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C Programming exercises

Hi Joel,

I've been teaching a C programming course for several times now but I've run out of interesting pointer programming exercises for my students.

So far I've asked students to implement Lists (single/doubly linked), B-trees, Bags, Collections, Hashtables, etc but that category is almost exhausted without falling into repetition.

There are plenty of other programming examples that involve pointers but they almost always require the use of API's of some sort. I'd like to prevent that as the course is about pointers not about API's

Any suggestions for something in plain ANSI-C?

Teacher in VN
Friday, April 09, 2004

I always liked Red Black trees, myself.

But seriously, why do you have so much time? If you don't have enough material to fill a 1 semester course it's better to teach something altogether different rather than endless pointer-based data structures. May I suggest something like doing integer division using bitwise operators in assembler (WITHOUT using DIV instructions, of course).

Joel Spolsky
Fog Creek Software
Monday, April 12, 2004

Joel, I think the teacher was trying to not repeat material in subsequent runs of the course, not fill up the semester. I assume part of the idea is to prevent students from 're-using' code from previous years.

I'd personally say that the right thing to do IS to repeat the exercises (after a suitable number of semesters). The thing to do is to vary the trappings you put around the doubly-linked list project, rather than to try to vary the underlying project. This will help prevent 'code re-use', while giving the teacher a good idea of what to expect from the students.

I also just had the idea that you might want to make the students do a bunch of string manipulation without using the C standard library primitives. You could phrase it as 'write me a set of primitives' (although, don't ask for the standard ones), or you could just assign a project that involved lots of text, but forbid use of str* or *printf functions. This would serve a multi-fold purpose:
1) It would give them the pointer manipulation experience you desire, with the bonus of not making you in a data structures instructor as well.
2) It would give them a solid understanding of how C really does strings. This will help them in understanding the str* functions and will help when they eventually try to use C++ and run into all the wierdness that surrounds string objects which interact with C style strings.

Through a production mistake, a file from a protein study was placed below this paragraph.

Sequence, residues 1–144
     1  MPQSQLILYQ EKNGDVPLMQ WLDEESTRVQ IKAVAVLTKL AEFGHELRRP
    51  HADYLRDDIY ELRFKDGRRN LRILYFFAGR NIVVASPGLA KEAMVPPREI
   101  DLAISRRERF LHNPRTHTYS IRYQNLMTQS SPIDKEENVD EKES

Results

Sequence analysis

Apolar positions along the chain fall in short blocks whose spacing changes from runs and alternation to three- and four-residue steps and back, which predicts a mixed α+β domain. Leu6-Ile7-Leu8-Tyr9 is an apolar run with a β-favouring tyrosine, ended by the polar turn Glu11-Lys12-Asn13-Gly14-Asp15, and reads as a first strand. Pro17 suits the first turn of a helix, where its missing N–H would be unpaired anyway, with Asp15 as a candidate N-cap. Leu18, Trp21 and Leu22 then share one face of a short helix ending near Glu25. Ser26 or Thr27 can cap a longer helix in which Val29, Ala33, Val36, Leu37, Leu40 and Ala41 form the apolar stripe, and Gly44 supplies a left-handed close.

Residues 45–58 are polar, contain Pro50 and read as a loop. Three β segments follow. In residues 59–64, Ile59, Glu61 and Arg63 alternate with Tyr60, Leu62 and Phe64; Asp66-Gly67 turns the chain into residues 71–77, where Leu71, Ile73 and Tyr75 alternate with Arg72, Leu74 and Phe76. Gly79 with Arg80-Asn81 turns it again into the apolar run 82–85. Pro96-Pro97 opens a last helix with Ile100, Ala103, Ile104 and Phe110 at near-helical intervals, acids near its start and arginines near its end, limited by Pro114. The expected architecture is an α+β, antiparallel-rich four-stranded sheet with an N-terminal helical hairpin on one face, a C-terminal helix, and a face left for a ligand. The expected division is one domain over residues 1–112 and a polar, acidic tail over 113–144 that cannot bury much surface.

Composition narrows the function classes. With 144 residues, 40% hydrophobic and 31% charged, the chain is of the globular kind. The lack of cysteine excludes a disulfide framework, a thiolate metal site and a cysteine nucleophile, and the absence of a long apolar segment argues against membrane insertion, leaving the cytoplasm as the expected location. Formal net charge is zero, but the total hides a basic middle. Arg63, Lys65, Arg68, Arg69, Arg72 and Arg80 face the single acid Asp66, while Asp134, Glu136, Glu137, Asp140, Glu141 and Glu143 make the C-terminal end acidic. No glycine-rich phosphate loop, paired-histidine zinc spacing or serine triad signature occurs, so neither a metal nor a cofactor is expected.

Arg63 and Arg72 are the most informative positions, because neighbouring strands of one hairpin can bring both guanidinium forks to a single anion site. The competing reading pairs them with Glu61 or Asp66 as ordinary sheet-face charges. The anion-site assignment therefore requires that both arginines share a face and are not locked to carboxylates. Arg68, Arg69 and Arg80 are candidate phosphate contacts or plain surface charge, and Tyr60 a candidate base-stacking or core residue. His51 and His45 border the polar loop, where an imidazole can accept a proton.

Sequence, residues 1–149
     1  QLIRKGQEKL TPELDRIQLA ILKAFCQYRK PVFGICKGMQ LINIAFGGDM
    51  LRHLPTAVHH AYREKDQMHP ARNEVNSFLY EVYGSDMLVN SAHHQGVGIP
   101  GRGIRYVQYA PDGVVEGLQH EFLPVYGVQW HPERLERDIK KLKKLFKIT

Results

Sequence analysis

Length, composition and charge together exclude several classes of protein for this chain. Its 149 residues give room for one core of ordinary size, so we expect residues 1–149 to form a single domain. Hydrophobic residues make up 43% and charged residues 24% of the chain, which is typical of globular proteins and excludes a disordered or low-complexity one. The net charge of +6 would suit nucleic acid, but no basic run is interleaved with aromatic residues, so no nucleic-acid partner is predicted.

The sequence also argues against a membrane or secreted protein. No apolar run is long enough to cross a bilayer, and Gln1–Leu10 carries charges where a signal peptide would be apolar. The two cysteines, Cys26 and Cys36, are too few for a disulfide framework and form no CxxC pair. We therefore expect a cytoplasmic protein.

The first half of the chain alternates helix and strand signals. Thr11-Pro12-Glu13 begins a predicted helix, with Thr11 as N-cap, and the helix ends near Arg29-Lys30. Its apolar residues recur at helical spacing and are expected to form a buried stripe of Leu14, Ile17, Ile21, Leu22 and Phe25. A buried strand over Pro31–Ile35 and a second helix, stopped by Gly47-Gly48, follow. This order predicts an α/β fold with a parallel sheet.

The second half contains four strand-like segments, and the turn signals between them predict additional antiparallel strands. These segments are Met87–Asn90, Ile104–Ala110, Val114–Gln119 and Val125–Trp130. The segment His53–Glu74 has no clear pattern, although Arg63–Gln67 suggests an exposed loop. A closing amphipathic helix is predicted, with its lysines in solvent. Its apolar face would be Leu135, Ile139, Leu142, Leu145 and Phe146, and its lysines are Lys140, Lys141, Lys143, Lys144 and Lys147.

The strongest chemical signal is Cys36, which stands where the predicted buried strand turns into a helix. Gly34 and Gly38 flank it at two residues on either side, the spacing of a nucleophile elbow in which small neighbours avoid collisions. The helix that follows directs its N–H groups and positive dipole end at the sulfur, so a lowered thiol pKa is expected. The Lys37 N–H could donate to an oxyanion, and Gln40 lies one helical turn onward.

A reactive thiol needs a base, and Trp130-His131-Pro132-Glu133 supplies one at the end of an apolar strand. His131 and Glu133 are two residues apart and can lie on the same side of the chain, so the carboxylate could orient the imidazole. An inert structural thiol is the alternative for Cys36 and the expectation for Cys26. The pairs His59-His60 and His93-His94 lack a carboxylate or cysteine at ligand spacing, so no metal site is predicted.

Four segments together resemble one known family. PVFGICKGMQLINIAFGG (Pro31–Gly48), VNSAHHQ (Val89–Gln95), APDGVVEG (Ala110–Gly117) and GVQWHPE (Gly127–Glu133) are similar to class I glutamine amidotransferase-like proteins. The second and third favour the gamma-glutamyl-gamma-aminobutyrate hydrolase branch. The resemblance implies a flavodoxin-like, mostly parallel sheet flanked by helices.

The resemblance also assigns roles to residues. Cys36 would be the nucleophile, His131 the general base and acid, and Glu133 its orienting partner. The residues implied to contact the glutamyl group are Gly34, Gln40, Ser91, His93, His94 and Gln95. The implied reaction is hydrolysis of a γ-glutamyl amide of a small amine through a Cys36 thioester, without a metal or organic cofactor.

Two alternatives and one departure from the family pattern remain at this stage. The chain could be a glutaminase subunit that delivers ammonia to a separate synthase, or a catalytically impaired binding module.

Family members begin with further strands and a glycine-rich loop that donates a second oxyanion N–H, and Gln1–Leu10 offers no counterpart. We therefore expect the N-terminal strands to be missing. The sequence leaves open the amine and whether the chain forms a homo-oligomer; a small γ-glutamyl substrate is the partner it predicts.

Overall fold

3) It may get the desire to write their own string handling routines out of their systems. Then someone like me won't have to come clean up after them later.

Michael Kohne
Monday, April 12, 2004

To actually answer your question -- take a look through Intro To Algorithms by Cormen/Lieserson/Rivest and you'll have no end of abstract data types to assign students.

More generally: it's a huge help to understand how to implement basic data structures in order to make use of them later.  But there's the rub -- it's hard to understand them when you don't know what they're going to be used for. 

I often felt that way when I was taking second-year algebra -- I'd understand how to find the Jordan Normal Form of a matrix, but until I actually saw how it was useful as a problem solving technique, it didn't make much sense to me. 

Perhaps you can take your students "to the next level", as it were.  Have them implement a really solid string walker, queue, hash table, set and arbitrary tree.  Then put 'em together -- those five things are the basic building blocks of a lexer/parser/code generator.  Or come up with some other example that USES these tools they've just built.

Eric Lippert
Monday, April 12, 2004

I always found writing a memory manager a good open ended excercise for this type of thing.

Just me (Sir to you)
Friday, April 16, 2004

What about using a online judge type site?


Heaps of problems.

Aussie Chick
Saturday, April 17, 2004

Oops, didn't see the 'pointer' specification, still its a good site.

Aussie Chick
Saturday, April 17, 2004

I'm studying Comp Sci at University, and we use the Intro to Algorithms Book (MIT Press) by the 'Four authors' ( I think that it is the one mentioned above).
We've done some kick-ass stuff, but normally we have partially written applications and we have to do the data structures or the essential algorithm.
A few examples:
1) Djikstra's algorithm (we had a map of the UK so we could pick cities and get the route between them, and then we had a map with a few million nodes and ran the app again)
2) tries. They're cool. We used it to index a file -- great fun! We searched the bible for God ;) hehe
3) Have you heard of countdown? Well, in countdown you have 7 letters, a mixture of vowels and consonants, and from this you have to make the longest (English) word. Get your students to do a data structure for that (you'd need to use a basic dictionary or something to help them out. Also conundrums would be cool too.... just use some hash tables) If you want to push your students hard then get them to do the number side of count-down too.

There's loads of really cool stuff that you can do. Good Luck!!

Edward Bateman
Sunday, April 25, 2004

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